Birkmeyer acknowledged the challenge of projecting exact numbers for future system installations. GE Additive aims to target customers with scaled production volumes, focusing on installations involving tens of machines for substantial output. He emphasized their system’s capability to efficiently produce large quantities of small parts, suggesting a significant market impact if they penetrate their target segment.
Discussing the unique selling points of GE’s binder jetting system, Birkmeyer highlighted several key features
High Green Strength: Developed through proprietary binder chemistry, it ensures strong as-printed strength, enabling better handling and small feature tolerances.
Efficient Binder Usage: Only about 2% by volume, allowing for easy removal and ensuring good material properties post-processing.
Scalability and Automation: The equipment is designed for scale, with automated processes adaptable to various customer needs.
Safety Standards Compliance: The system operates without special hazard zoning.
Large Part Production: The high green strength allows for the production of larger, thicker parts.
Additionally, Chris Schuppe emphasized the system’s ability to produce larger parts, a direct consequence of the high green strength of the binder.
Birkmeyer also detailed their advanced software capabilities, including simulation and compensation for shrinkage and distortion, and an inspection-based compensation system for ensuring dimensional accuracy. He mentioned a typical shrinkage range of 15 to 20% for dense parts, in line with industry standards.
Birkmeyer emphasized GE Additive’s flexible approach towards sintering in their production process. Historically, they used batch furnaces, but more recently, they have installed a continuous furnace to validate the translation of batch cycles to continuous ones. Despite not being necessary for GE’s own capacity, this installation was undertaken to demonstrate to customers the viability of continuous processing. They have successfully tuned their sintering process to yield good-quality parts from the continuous furnace.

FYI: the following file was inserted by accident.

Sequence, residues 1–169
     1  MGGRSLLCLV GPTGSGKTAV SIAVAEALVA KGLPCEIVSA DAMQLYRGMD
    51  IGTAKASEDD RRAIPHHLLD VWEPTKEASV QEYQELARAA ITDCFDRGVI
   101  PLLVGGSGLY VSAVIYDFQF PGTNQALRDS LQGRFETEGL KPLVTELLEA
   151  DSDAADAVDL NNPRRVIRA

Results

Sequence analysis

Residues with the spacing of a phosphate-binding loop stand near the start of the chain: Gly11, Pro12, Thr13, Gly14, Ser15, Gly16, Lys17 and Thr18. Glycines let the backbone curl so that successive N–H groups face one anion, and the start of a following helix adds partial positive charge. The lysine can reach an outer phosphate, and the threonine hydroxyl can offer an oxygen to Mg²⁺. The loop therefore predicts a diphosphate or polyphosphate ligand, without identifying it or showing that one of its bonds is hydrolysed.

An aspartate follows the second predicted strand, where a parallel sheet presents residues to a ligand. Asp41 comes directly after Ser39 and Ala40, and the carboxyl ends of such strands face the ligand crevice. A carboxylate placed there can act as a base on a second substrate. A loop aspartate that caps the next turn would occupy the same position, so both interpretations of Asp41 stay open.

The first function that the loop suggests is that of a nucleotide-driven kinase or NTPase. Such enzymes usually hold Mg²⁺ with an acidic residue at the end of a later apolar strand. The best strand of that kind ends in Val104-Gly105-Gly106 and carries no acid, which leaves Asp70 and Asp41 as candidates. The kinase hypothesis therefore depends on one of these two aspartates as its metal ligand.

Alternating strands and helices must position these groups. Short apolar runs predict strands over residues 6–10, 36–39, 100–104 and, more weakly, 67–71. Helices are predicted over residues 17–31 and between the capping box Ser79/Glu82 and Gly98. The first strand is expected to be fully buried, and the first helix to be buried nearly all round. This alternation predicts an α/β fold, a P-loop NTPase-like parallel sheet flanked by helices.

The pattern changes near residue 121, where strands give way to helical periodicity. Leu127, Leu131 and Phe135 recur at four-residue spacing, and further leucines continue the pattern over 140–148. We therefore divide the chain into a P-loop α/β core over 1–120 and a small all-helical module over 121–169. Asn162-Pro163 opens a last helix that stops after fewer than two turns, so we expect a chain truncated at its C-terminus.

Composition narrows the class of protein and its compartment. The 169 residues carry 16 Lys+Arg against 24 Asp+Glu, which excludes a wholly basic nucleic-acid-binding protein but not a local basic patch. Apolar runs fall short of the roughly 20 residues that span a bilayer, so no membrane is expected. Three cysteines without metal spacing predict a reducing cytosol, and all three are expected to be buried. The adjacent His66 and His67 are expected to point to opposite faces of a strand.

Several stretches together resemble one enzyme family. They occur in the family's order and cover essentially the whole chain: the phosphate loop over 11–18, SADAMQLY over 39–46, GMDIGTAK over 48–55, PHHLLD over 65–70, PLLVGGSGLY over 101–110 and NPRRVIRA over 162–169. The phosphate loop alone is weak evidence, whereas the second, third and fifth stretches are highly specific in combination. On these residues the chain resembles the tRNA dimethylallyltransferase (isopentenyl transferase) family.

Regarding commercial partnerships, Birkmeyer mentioned that Cummins remains a key partner for GE Additive, alongside ongoing collaborations with Kennametal on tungsten carbide. He noted that many customers prefer confidentiality for competitive reasons.
In terms of profitability in additive manufacturing, Birkmeyer identified key factors that contribute to financial success: part consolidation, performance improvement, and supply chain simplification. He argued that the greatest gains are found when any of these factors are present, such as when a part can be lightened or several components can be consolidated into one. The choice of additive technology—whether it be laser, electron beam, or binder jet—depends on the specific requirements of the part, including material, tolerance, and the intricacy of internal structures.
Birkmeyer was limited in sharing specific customer applications due to confidentiality but did mention one public example involving a diesel after-treatment nozzle produced using binder jet technology. This product, as explained by Schuppe, enhanced the performance of diesel engines, offering new functionality to customers and extending the service life of legacy fleets.
Regarding releasing new binder jet technology, Birkmeyer stated that GE Additive plans to share more details next year. He emphasized the importance of ensuring the technology is robust and reliable before its release.
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Featured image shows GE Additive’s Series 2 Beta and Series 3 3D printers side-by-side. Photo via GE Additive.